The FAT-O-Caster (c) Users Manual & Guide
Edited 5/10/2010

What it is:

The FAT-O-Caster (c) is a three position ROTARY switch that expands the potential pickup combinations available in your Stratocaster or other "S-type" guitar. It installs where one of your old tone controls was. The FAT-O-Caster (c) does NOT replace your 5-way pickup selector switch - your 5-way still works just like it always did. The FAT-O-Caster (c) works in conjunction WITH the 5-way to give you new combinations. You lose a tone control, but gain a lot of tones!

The traditional Strat 5-way selector gives you only 5 of the seven parallel combinations possible, and no series connections. With the FAT-O-Caster (c), you can get all seven parallel combinations, PLUS two series settings, and a series/parallel setting,  for a total of TEN different pickup combinations.

That's a lot of tones!


Just put your old tone knob back on the FAT-O-Caster (c) switch, and your Strat looks completely stock!


Take off your pickguard.
To wire your lower tone as a "master" tone (like a Telecaster):

1. Move the lower tone control's lead from the mid pup’s lug on the tone side of the five-way over to the COMMON lug on the pups' side of the five-way.
2. Remove the lead from the center tone control at the neck pup’s lug on the tone side of the five-way.

3. Remove the ground leads from the back of the center tone pot.
4. Clip any jumpers between the center and lower tone pots.
5. Remove the center pot and mount the FAT-O in its place.

6. Run an insulated wire (this is the new ground lead) from the back of the volume pot to the lower tone pot,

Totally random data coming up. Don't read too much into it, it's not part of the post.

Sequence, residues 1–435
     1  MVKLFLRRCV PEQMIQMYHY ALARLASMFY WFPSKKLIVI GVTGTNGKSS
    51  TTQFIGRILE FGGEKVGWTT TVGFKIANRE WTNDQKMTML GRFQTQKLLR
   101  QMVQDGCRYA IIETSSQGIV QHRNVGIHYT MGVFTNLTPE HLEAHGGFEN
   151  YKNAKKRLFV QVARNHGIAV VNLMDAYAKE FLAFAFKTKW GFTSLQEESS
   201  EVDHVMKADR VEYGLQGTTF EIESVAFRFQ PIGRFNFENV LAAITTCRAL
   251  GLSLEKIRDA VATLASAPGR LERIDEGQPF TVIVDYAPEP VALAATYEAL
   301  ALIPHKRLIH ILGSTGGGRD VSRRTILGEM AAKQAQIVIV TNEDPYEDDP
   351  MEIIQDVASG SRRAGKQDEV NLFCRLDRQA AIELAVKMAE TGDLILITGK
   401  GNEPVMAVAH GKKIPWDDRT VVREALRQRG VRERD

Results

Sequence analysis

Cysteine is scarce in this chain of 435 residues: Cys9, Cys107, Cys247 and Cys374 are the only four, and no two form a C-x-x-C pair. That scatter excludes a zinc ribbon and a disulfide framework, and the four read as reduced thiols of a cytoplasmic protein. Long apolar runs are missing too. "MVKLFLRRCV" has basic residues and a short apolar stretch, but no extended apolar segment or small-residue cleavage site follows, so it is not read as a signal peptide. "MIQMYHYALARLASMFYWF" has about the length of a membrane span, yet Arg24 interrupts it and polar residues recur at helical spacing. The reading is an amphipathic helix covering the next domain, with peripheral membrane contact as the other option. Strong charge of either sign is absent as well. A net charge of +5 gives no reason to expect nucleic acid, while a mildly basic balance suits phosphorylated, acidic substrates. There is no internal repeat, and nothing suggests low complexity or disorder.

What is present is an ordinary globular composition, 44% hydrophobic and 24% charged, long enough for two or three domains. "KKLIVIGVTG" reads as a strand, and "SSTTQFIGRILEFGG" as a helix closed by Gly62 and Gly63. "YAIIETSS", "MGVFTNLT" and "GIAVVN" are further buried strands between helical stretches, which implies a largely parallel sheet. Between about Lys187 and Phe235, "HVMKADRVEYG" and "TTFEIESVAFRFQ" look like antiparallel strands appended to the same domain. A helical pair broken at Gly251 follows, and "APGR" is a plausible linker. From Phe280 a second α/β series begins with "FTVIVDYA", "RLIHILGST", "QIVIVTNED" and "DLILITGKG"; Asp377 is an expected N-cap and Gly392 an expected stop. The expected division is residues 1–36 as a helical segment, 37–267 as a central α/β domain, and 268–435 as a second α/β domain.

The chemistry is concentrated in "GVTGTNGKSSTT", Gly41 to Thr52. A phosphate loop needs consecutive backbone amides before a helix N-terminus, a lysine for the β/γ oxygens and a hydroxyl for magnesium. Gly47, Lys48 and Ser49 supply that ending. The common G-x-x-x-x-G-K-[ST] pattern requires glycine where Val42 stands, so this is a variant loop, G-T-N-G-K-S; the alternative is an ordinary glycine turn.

leaving enough slack to rout it around the FAT-O.
7. Wire a tone capacitor with one leg on the center lug of the tone pot and one leg on the back of the tone pot (ground).


Unsolder the bridge and middle pup's GROUND ("-") leads from where they are currently in your guitar - usually the back of the volume pot. Solder them to the center lugs on the FAT-O-Caster (c) switch, making sure you get the BRIDGE PUP'S ground lead on lug “1” (the one with the string through it), and the middle pup's ground lead on lug "2" (next one clockwise, see drawing).

NOTE: Sometimes there is not enough wire on the ground leads to make it to the FAT-O, so just add on a little "tail" to the lead to get there. Be sure you insulate the solder joint on this "tail" to prevent contact with the pots or any other grounded surface in the control cavity - black electrical tape will work fine.

Three wire pups? MOST COMMONLY, two of the three leads are twisted together and soldered to ground. You will have to determine which wire of the two that goes to ground is actually the coil’s “-” lead, and which is the ground/shield drain. The easiest way to do this is to unsolder them from ground and separate them. With a multimeter set in the 20k ohm range, touch one probe to the pickup’s “+” lead, and then try the other probe on each of the other leads. The pickup’s “-” lead should show you the impedance reading for the pickup – typically between 6k and 8k for a Strat. The ground lead will show “open” – no resistance, no continuity. Solder the ground lead back to ground, and solder the pup’s “-” lead to the switch as instructed above.